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This document outlines Dr. Edward T. Ladd's interview with Dr. King, for broadcast on WAII-TV's program "Profile Emory University."
The Southern Christian Leadership Conference, the Unitarian Universalist Association, and the American Friends Service Committee have each established a James Reeb Memorial Fund. The purpose of these funds are to provide financial assistance to those who are personally involved in the struggle for equal rights. James Reeb was a white civil rights activist who was brutally murdered by white segregationists in Selma, 1965.
This pamphlet is from the Hall of Fame Dinner for Jackie Robinson. It features several ads from organizations supporting the Southern Christian Leadership Conference.
This telegram, dictated to Charles L. Sanders on the way back from the Nobel Peace Prize Award ceremony, contains Mrs. Coretta Scott King's sentimental narrative of her acclaimed relationship with Dr. King. Revealing details that range from their meeting in 1951 through twelve years of marriage, Mrs. King admits she was immediately smitten by Dr.
In this letter, Lou Goldstein contacts the National Association for the Advancement of Colored People to inquire about the location of photographs of Dr. King, Roy Wilkins, and A. Philip Randolph.
In this letter to the members of Congress, Byron E. Mische took the initiative to combine letters sent to government officials, editors of publications and congressmen regarding Vietnam. This letter was copied to Dr. King.
The National Action Council, a sector of the Congress of Racial Equality, hosts a regional meeting in Miami, Florida where they will vote on council member positions, as well as regional and national NAC meeting logistics.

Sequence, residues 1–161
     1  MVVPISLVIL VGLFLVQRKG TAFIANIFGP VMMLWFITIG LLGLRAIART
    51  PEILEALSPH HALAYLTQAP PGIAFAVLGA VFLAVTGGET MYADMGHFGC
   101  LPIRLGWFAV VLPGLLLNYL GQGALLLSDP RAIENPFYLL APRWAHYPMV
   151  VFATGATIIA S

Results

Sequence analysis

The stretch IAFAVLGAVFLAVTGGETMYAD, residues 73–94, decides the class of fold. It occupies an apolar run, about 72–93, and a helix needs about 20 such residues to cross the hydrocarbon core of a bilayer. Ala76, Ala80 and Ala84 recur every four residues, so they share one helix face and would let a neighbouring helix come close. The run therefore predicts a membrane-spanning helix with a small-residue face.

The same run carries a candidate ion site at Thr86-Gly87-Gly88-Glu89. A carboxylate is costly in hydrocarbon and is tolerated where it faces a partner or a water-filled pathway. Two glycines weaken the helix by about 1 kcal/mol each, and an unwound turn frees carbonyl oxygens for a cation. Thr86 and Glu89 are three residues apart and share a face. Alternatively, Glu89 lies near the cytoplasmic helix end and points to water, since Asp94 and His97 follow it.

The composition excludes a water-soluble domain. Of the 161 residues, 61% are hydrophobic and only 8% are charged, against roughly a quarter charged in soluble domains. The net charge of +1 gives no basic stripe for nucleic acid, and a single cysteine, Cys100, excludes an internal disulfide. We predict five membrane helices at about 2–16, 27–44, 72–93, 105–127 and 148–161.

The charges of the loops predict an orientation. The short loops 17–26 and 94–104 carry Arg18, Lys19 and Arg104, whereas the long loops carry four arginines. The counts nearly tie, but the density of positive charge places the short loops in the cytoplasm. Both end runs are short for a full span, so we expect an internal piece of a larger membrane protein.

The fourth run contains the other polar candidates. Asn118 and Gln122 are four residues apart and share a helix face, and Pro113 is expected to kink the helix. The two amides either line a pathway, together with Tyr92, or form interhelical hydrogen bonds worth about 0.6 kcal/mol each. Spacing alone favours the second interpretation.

This letter from a middle school student in New York City is a letter of condolence written to Mrs. King the day after Dr. King’s assassination.
Capron requests that Dr. King deliver a personal message of condolence to the President of Biafra, Lt. Col. Odumegwu Ojukwu. MLK's trip to Biafra in March of 1968 was canceled.
Anabella Anderson discusses the sadness that she feels over Dr. King's assassination. She says that she grieves for his family and the conditions that brought about Dr. King's death. Ashamed of her white skin, she blames the white race for social ills. Ms. Anderson wants to give of her self to non-whites in America and those under white domination in Africa. Though saddened, she is comforted by the words she heard at Dr. King's funeral and is hopeful that his legacy will live on.
These are biographical sketches of various leaders who were involved in the March on Washington for Jobs and Freedoms. These distinguished individuals were involved in organizations that focused on equality and nonviolence.
Ms. Badeker informs Dora McDonald that three copies of a contract with Econ Verlag are enclosed. She instructs that Dr. King is to sign and return the copies in order to further the German-language rights to "Where Do We Go from Here?"